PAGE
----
Fishing for Dim Objects

August 26, 2014 was a good night to observe the skies.Not only were the skies clear, the Moon was at its new phase. That meant the sky would be extra dark that night.

Taking advantage of that, my dad and I went to a dark area to observe it. That dark area was all right. The western sky is completely blocked with light pollution, but the eastern sky was perfect. There were various insects flying around, making noise, and biting us. In the distance, we could hear howling of an unknown animal; probably a dog. Despite all those distractions, we decided to park there, and do astronomy.

This time, since all the major planets were setting and the Moon was below the horizon, I decided to align my telescope using its skyalign feature of my telescope. Since it uses three anchor points to align the telescope with the sky, it should be more accurate than the Solar System align, which uses only one anchor point. I aligned my telescope, with expert precision, and we began looking for our first target, Comet Jacque.

Comet Jacque is located North West of the constellation Cassiopeia. I read online that, if you start from the center star, and move North-West of that, you will find Comet Jacque. I followed the instructions, like they said. Looking at the sky, I found what looked like a star north west of the star. It was more north, than west, but it might’ve been the comet. I slewed my telescope to the bright star. Then my dad and I took many long exposure images of the picture, using various exposure times. When we did that, we got a variety of images, but not only was the object not a comet, the images were displaying star trails. This meant that the tracking feature of my telescope was not fixed. This was a major problem for my dad and me, because all the hard work we put into fixing it did not pay off. We were disappointed.

We kept looking for a while more, but to no avail. We moved on and began looking for Uranus. We had trouble finding it as well. One reason is that we disagreed that both of our Skyview apps were showing different positions of the planets. Later on, my dad found out his phone thought they were in Italy. Despite our best efforts, we were unable to find Uranus.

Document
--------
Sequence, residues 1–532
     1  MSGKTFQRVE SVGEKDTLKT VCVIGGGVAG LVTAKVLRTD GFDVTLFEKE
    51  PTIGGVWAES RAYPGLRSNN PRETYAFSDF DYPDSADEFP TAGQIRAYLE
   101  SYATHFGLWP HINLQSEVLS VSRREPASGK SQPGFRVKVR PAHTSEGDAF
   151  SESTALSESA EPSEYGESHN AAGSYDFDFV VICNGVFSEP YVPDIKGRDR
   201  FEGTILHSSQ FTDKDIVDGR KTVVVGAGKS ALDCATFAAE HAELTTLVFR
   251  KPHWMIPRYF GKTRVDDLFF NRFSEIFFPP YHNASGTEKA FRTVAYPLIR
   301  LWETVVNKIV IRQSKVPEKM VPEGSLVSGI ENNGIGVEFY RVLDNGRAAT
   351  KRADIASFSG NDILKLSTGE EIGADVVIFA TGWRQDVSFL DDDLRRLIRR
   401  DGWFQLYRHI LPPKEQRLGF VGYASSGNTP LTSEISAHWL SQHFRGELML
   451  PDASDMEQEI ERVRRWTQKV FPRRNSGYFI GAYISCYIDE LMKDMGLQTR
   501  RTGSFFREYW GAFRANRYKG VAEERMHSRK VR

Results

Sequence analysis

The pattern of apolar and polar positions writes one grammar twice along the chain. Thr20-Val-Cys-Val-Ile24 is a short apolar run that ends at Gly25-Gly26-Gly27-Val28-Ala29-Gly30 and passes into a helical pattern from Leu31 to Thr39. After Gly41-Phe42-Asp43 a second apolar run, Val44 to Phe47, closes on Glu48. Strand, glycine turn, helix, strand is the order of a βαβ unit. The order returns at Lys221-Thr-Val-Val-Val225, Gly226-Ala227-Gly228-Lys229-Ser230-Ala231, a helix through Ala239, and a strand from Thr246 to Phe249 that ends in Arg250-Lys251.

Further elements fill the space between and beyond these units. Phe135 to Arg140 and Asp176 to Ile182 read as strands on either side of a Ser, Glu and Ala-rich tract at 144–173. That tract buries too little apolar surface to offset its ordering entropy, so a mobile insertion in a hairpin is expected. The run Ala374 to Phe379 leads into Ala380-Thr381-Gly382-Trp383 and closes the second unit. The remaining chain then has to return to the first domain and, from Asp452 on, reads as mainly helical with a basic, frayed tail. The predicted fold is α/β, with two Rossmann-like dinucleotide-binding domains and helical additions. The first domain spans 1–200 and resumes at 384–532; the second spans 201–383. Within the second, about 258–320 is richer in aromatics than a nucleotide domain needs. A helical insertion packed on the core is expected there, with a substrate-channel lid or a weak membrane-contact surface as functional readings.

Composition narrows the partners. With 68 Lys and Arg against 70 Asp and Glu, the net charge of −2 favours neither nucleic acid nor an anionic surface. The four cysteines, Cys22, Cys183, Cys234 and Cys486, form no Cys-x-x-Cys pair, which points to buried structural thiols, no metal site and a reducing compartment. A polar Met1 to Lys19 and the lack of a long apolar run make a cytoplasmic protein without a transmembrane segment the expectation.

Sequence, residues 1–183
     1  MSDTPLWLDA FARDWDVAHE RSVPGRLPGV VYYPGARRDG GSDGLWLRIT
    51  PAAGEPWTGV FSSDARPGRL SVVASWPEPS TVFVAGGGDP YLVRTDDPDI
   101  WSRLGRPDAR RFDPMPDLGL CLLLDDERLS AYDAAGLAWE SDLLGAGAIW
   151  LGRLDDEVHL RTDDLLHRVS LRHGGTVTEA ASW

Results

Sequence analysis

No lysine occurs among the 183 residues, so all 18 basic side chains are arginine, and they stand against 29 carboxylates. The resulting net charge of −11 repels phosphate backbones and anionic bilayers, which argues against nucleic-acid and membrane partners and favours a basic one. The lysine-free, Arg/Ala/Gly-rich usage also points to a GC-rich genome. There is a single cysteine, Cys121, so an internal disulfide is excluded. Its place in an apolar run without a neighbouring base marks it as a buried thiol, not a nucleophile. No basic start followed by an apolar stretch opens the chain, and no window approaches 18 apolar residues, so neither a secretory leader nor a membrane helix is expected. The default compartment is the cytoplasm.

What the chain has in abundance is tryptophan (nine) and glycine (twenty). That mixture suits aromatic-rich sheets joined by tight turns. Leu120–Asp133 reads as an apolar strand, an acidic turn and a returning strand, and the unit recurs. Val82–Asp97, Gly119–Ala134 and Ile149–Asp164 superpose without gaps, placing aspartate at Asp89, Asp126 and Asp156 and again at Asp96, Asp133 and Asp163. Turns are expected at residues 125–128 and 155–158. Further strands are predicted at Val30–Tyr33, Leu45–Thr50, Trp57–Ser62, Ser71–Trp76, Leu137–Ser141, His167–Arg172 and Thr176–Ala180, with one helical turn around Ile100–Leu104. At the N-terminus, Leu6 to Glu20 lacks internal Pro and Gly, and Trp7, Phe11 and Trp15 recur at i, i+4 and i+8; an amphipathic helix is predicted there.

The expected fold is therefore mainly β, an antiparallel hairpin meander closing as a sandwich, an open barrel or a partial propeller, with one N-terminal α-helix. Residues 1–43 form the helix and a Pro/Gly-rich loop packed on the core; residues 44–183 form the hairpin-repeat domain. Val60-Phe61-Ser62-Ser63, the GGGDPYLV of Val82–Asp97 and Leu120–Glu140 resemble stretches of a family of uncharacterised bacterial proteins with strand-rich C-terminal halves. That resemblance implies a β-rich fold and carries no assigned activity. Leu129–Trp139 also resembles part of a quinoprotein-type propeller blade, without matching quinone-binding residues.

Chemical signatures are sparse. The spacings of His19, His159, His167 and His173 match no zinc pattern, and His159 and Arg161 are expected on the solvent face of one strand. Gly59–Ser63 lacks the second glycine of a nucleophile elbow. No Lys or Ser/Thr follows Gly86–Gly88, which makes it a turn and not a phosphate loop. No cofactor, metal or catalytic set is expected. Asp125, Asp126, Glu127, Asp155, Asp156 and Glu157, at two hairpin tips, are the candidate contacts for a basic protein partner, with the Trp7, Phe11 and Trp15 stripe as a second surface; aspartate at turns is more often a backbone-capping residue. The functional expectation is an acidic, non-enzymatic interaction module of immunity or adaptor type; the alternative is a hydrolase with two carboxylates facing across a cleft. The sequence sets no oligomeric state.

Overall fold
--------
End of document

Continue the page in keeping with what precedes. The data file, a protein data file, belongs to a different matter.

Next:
We decided to pack it in and go back home. Before we packed up our equipment, we spent some time looking at the constellation of the night sky. My dad talked about how he would find Cassiopeia using the Big Dipper and Polaris. It was an interesting way to find Polaris. We then found the constellation, Boötes. It was interesting to be able to find and see that constellation. It’s not an ecliptic, nor a northern constellation, which is why it was cool for me to see it. Hopefully, I can find more constellations in the near future.

After that, we packed up and went back home. It wasn’t a completely successful night of astronomy, but we did learn some more about the telescope and the night sky. Tracking isn’t working at all, therefore we need to fix it; comets and dim planets are harder to find than normal, but we saw the constellation Boötes, Cassiopeia, Big Dipper, and the Little Dipper. Hopefully we can fix these problems, and come back to do better astronomy in the future.